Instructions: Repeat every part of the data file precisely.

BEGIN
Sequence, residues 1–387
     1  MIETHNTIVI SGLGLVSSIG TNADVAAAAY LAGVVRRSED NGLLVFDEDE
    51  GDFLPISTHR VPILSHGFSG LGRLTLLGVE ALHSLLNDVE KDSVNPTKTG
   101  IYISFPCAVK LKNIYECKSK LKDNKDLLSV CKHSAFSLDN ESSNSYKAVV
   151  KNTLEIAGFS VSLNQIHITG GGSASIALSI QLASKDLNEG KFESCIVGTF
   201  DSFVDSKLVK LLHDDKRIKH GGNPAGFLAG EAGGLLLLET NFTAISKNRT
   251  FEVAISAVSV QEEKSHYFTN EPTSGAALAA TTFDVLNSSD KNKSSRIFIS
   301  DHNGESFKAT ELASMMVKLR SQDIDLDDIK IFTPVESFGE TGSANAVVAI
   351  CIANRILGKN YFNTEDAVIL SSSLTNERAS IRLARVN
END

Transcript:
Sequence, residues 1–387
     1  MIETHNTIVI SGLGLVSSIG TNADVAAAAY LAGVVRRSED NGLLVFDEDE
    51  GDFLPISTHR VPILSHGFSG LGRLTLLGVE ALHSLLNDVE KDSVNPTKTG
   101  IYISFPCAVK LKNIYECKSK LKDNKDLLSV CKHSAFSLDN ESSNSYKAVV
   151  KNTLEIAGFS VSLNQIHITG GGSASIALSI QLASKDLNEG KFESCIVGTF
   201  DSFVDSKLVK LLHDDKRIKH GGNPAGFLAG EAGGLLLLET NFTAISKNRT
   251  FEVAISAVSV QEEKSHYFTN EPTSGAALAA TTFDVLNSSD KNKSSRIFIS
   301  DHNGESFKAT ELASMMVKLR SQDIDLDDIK IFTPVESFGE TGSANAVVAI
   351  CIANRILGKN YFNTEDAVIL SSSLTNERAS IRLARVN